ZOOMER Magazine

From the Editor-inChief & Publisher

- Suzanne Boyd

Ifirst saw my favourite photograph of Diana on one of the countless Instagram accounts dedicated to her life and style. It is of unknown provenance and copyright so am unable to include it in this special issue to mark her legacy, on what would have been her 60th birthday. The image is of a teenaged Lady Di, dressed up in a strapless evening gown, sitting on a couch alone in a majestic, gilded living room. Her head, with its familiar feathered haircut, is bowed over a magazine that she is intently reading, with a newspaper folded neatly on the floor beside her.

The image has an effect on me: I assume it is at Althorp, the Spencer family seat, and fantasize that the sound of grand guests enjoying after-dinner drinks in another room is just a whisper. That the woman who would never be Queen left the party too soon. And that before her face was on the tea towels and the outside world came roaring in, Diana could never have imagined just how many column inches her journey would engulf. Her life was abruptly ended, but its complete mediatizat­ion before and after that horrific 1997 August night, changed the monarchy and the world.

The force of Diana’s personalit­y and purpose moved social mores around stigma, and affected geopolitic­s by leading the charge to eliminate a lasting scourge of war. She’s memorializ­ed in one of the largest murals of its kind in the world, commission­ed by a Surrey, B.C. business to mark the millennium. “The faces chosen are representa­tive of legends and heroes with longevity,” said the artist Paul Ygartua, who placed Diana in the work among a pantheon of other historic luminaries who defined the last century. Some by their actions modeled an unassailab­le moral authority, others exemplifie­d deep wells of humanity, but, as Leanne Delap writes in her tour de force cover story, “Princess of Heart,” Diana represente­d both and remains ever relevant – a beacon and a lesson.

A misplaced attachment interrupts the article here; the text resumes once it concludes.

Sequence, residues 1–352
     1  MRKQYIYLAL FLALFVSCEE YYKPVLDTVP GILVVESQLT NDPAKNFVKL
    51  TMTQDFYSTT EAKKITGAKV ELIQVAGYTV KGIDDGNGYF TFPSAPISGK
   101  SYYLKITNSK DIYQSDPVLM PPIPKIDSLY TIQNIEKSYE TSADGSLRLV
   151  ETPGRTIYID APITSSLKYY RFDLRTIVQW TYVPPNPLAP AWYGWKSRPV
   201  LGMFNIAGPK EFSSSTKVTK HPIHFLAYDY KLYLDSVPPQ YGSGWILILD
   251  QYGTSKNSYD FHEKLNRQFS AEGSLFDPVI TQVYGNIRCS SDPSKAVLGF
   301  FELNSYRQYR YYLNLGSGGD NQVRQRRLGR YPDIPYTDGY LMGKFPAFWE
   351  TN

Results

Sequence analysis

I hope you can find inspiratio­n in Diana’s trajectory – of always reaching for meaning and happiness despite the sometimes debilitati­ng struggles along the way. As we as a country fight our way back to some sort of normalcy, investigat­ive journalist Alex Roslin returns to our pages with an overview of Ontario’s Long-Term Care COVID-19 Commission Final Report, “Too Little, Too Late,” and, heartbreak­ingly, the title of the story says it all. Older Asian Canadians must still contend with a rise in xenophobic and racist attacks, misguidedl­y fuelled by the pandemic, as lifestyle journalist and actor Pay Chen powerfully recounts in “The Burden of Hate.”

But, good things will come. Perhaps you’ll be able to hang out unfettered with those grandchild­ren, enjoying the type of visits Jay Teitel reminisces about in “No Greater Love.” Make it a point to maximize summer’s simple pleasures. In “Keep on Truckin,’” it’s the open road; in “Northern Lights,” it’s good food, hopefully enjoyed outdoors and, in “Here Comes The Sun,” it’s basking in the light, albeit safely. For, as the song says, “It seems like years since it’s been here.”

 ??  ?? Clockwise from above: Ygartua’s mural; Diana’s iconic walk through a minefield in Angola, 1997; her 1987 handshake with an AIDS patient in London was seismic
Clockwise from above: Ygartua’s mural; Diana’s iconic walk through a minefield in Angola, 1997; her 1987 handshake with an AIDS patient in London was seismic
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